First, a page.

16 November marks the day when Rear Admiral, and later Regent, Miklós Horthy marched into Budapest in 1919, symbolically ending the Hungarian Soviet Republic. This remains a controversial event to this very day: while on the one hand, it ended a period of chaos and dictatorship, on the other hand, it bolstered the so-called White Terror.
Pál Teleki, prime minister of Hungary in the interwar era, was probably one of the most tragic figures of twentieth century Hungarian history. He was torn between his conscience and geopolitical reality, a tension he could only resolve by ending his own life as a shocking act of protest.
This is not the first instance of the ambassador offering an unsolicited opinion about Hungary’s past. Last year, he published a message regarding the 1956 revolution, drawing parallels with the Russo-Ukrainian war, and this spring he lauded the Soviet Red Army that occupied Hungary in 1945.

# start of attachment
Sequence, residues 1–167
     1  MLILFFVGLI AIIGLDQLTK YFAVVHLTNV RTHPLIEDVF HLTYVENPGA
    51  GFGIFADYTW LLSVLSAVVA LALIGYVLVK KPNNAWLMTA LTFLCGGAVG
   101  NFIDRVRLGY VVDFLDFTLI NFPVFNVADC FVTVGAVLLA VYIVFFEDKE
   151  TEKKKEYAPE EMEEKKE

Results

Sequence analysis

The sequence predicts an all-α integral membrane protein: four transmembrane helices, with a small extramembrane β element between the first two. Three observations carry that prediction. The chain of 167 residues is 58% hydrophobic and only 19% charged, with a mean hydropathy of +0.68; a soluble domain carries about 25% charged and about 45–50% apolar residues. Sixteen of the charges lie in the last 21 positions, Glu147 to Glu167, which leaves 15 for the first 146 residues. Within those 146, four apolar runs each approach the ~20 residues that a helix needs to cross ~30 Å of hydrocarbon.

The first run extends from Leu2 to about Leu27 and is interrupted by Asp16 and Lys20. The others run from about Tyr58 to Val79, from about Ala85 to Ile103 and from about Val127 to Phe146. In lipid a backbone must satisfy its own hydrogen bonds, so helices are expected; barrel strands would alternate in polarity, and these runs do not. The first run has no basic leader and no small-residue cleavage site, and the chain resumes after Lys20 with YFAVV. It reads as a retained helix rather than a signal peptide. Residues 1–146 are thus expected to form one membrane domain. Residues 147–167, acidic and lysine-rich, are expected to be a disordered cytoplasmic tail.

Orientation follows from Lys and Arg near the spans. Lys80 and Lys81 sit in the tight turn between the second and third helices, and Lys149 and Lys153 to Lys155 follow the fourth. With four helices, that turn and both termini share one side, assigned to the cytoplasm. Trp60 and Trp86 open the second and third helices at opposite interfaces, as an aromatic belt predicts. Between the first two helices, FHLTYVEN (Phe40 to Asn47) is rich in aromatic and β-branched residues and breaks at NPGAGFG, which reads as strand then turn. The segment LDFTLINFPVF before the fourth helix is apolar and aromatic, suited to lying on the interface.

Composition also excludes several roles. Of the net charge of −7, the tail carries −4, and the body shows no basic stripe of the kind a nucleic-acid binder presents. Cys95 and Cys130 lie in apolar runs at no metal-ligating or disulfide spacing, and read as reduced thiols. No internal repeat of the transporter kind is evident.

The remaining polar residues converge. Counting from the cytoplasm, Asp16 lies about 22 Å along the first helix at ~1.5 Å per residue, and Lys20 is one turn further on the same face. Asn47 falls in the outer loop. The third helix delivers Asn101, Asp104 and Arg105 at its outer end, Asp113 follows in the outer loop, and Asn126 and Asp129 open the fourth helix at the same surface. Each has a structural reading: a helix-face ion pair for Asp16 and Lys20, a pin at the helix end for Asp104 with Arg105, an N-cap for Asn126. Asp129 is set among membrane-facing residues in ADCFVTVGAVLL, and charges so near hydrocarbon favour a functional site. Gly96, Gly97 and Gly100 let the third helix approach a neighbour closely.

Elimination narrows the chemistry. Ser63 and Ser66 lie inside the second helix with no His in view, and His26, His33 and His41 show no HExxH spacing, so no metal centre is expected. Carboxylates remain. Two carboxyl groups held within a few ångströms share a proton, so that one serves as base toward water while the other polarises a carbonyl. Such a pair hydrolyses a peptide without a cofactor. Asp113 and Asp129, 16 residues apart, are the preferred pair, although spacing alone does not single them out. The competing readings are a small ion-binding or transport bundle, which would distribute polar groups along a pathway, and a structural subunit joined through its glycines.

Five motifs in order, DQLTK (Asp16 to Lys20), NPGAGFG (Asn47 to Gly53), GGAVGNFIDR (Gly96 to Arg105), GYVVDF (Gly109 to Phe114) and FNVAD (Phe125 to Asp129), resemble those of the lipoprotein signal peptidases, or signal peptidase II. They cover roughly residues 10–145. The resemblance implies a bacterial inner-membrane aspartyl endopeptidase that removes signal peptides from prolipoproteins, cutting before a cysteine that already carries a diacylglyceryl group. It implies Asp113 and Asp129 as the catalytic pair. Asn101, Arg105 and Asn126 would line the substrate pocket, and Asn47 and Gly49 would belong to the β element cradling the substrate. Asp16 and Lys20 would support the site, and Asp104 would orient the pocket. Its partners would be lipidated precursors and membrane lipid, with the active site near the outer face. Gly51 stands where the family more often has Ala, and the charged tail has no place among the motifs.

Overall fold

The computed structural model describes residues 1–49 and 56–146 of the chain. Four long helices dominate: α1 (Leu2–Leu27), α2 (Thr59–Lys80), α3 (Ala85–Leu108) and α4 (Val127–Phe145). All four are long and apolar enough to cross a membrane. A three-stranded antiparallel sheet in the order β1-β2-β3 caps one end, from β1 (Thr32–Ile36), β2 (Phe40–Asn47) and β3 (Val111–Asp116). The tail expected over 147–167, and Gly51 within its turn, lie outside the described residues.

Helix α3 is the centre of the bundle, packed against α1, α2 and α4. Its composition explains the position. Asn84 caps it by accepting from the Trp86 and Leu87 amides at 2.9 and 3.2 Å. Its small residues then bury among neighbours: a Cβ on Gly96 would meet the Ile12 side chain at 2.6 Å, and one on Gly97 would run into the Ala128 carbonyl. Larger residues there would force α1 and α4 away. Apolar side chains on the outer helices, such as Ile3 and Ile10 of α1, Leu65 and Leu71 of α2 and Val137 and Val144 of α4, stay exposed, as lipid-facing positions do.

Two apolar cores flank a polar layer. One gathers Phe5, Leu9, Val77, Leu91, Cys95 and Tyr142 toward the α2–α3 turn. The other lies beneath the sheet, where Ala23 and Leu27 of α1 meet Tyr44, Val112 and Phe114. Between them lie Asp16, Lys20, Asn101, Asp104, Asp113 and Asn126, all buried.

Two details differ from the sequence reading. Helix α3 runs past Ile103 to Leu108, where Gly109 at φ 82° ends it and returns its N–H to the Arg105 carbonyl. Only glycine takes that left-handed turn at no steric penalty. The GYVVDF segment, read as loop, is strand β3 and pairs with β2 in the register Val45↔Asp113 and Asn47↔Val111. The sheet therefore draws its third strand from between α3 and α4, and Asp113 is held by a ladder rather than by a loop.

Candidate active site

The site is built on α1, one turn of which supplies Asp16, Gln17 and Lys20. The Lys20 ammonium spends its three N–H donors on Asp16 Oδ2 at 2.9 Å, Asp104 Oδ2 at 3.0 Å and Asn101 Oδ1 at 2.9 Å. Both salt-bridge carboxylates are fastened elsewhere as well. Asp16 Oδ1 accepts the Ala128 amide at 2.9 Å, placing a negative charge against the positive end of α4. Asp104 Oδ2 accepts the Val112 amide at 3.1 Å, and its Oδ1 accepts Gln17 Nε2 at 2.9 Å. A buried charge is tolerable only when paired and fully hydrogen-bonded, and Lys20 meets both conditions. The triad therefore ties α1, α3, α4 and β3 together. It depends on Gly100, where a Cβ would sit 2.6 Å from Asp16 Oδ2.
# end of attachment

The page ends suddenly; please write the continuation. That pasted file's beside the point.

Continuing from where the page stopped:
The Germans had demanded the deportation of the Hungarian Jewry long before the German occupation. A note in October 1942, in which German Deputy Foreign Minister Martin Luther summarised his negotiations with Sztójay, the Hungarian ambassador in Berlin at the time, openly mentions the German demand and the fact that it had come directly from Adolf Hitler. According to the text, the ‘handling’ of Jews in Hungary is ‘urgent’.